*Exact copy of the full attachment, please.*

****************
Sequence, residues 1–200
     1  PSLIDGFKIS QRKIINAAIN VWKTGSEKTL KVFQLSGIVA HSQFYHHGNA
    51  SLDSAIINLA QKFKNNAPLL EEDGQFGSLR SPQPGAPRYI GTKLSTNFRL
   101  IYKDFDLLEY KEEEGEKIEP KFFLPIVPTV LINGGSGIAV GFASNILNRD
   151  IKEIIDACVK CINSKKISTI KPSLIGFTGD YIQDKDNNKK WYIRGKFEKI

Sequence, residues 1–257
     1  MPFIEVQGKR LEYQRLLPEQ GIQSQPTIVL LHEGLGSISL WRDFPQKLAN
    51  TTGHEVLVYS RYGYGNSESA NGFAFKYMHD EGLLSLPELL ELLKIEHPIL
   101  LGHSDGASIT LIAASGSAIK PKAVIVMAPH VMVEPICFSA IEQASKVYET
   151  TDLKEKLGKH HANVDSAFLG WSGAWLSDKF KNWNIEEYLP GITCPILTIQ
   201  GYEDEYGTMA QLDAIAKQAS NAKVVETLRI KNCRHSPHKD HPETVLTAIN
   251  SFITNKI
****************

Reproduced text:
Sequence, residues 1–200
     1  PSLIDGFKIS QRKIINAAIN VWKTGSEKTL KVFQLSGIVA HSQFYHHGNA
    51  SLDSAIINLA QKFKNNAPLL EEDGQFGSLR SPQPGAPRYI GTKLSTNFRL
   101  IYKDFDLLEY KEEEGEKIEP KFFLPIVPTV LINGGSGIAV GFASNILNRD
   151  IKEIIDACVK CINSKKISTI KPSLIGFTGD YIQDKDNNKK WYIRGKFEKI

Sequence, residues 1–257
     1  MPFIEVQGKR LEYQRLLPEQ GIQSQPTIVL LHEGLGSISL WRDFPQKLAN
    51  TTGHEVLVYS RYGYGNSESA NGFAFKYMHD EGLLSLPELL ELLKIEHPIL
   101  LGHSDGASIT LIAASGSAIK PKAVIVMAPH VMVEPICFSA IEQASKVYET
   151  TDLKEKLGKH HANVDSAFLG WSGAWLSDKF KNWNIEEYLP GITCPILTIQ
   201  GYEDEYGTMA QLDAIAKQAS NAKVVETLRI KNCRHSPHKD HPETVLTAIN
   251  SFITNKI